The sacrosanctity of religious dogmas and beliefs, stringent laws of repression and codes of moral and ethical propriety have compelled artists to live and create with occupational hazards like uncertain audience response, self-censorship and accusations of deliberate misinterpretation of cultural production looming over their heads. In extreme cases, the battle between artistic iconoclasm and societal repression has forced creators to put their life on the line in defence of liberal self-expression. In recent years, issues surrounding the rights of minority cultures to recognition and respect have raised new questions about the contemporariness of the construct of blasphemy and sacrilege. Controversies over the aesthetic representation of the sacred, the exhibition of the sacred as art, and the public display of sacrilegious or blasphemous works have given rise to heated debates and have invited us to reflect on binaries like artistic and religious sensibilities, tolerance and philistinism, the sacred and the profane, deification and vilification.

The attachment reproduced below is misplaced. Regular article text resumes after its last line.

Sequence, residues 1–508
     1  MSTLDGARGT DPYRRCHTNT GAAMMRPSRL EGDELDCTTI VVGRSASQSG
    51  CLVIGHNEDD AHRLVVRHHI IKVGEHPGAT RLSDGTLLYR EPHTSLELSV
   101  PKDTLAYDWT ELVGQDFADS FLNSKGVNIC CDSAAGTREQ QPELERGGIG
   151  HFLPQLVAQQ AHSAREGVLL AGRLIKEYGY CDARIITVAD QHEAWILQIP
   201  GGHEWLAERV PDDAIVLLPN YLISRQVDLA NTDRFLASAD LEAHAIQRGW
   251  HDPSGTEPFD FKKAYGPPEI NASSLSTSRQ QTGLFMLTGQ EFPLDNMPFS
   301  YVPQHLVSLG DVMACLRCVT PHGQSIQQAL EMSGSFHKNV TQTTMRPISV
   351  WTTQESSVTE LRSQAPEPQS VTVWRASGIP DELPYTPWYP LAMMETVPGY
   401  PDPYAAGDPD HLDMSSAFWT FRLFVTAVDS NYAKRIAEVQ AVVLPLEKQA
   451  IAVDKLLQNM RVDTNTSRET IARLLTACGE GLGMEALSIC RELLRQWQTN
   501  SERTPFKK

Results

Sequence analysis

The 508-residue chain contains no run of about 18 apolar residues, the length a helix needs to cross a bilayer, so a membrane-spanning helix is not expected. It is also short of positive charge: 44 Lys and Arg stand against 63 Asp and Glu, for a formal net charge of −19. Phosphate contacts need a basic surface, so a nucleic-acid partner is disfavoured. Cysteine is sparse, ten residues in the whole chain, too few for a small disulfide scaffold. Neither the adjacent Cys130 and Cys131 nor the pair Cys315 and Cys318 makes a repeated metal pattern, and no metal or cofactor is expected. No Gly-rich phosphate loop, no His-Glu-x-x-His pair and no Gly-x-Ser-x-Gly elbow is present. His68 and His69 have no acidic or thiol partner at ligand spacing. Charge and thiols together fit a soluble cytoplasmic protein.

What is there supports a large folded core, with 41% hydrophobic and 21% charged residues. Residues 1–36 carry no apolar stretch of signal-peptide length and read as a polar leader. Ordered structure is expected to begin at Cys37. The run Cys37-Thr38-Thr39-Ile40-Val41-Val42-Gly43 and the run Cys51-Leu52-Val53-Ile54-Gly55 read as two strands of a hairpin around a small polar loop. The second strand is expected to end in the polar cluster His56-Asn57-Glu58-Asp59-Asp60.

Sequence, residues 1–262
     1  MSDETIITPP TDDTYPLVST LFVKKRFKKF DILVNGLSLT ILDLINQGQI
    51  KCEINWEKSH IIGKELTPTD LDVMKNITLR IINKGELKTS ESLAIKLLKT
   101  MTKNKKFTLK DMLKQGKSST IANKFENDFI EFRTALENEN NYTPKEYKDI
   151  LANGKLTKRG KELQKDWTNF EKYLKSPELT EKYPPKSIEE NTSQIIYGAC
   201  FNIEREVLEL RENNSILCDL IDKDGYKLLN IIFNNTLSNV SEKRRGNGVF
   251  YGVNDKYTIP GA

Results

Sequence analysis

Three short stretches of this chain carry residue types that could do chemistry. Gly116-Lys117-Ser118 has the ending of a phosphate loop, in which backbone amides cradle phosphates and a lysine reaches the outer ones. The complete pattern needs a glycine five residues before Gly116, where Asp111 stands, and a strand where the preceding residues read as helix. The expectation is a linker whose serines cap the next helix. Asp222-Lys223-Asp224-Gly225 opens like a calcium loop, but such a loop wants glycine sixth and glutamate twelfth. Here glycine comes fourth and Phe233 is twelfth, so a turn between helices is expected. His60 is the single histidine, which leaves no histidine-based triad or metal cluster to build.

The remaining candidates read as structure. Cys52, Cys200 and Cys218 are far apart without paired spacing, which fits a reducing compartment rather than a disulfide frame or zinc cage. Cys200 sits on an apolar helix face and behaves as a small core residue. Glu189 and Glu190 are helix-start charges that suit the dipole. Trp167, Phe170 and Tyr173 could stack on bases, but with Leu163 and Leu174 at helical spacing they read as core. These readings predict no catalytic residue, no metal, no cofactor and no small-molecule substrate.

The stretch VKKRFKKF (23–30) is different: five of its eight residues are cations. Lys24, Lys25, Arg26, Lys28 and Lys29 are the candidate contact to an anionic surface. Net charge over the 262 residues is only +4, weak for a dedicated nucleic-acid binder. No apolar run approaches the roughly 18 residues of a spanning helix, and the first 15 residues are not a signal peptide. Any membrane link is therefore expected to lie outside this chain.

This conference, the second in the series “Negotiating the Sacred”, will draw together theologians, historians, artists, lawyers, philosophers, political theorists, anthropologists, sociologists, media representatives, museum and art curators, as well as intellectuals from different religious and cultural groups to speak about the conception of sacralisation /desecration in artistic creation, representation of the sacred, exhibiting the sacred and to address the concerns about sensitivity towards religious and cultural difference.
Instructions for abstract submission
Please submit an abstract of about 200 words (for a 20 minutes paper), outlining your proposed topic, your approach, and the forms/media in which you intend to present your work.
Include a brief description of yourself, outlining your affiliations and your key publications, exhibits, and/or performances.
Send your abstract (preferably in WORD or PDF) to the e-mail address shown below.
Abstract Submission Deadline: 30 June, 2005
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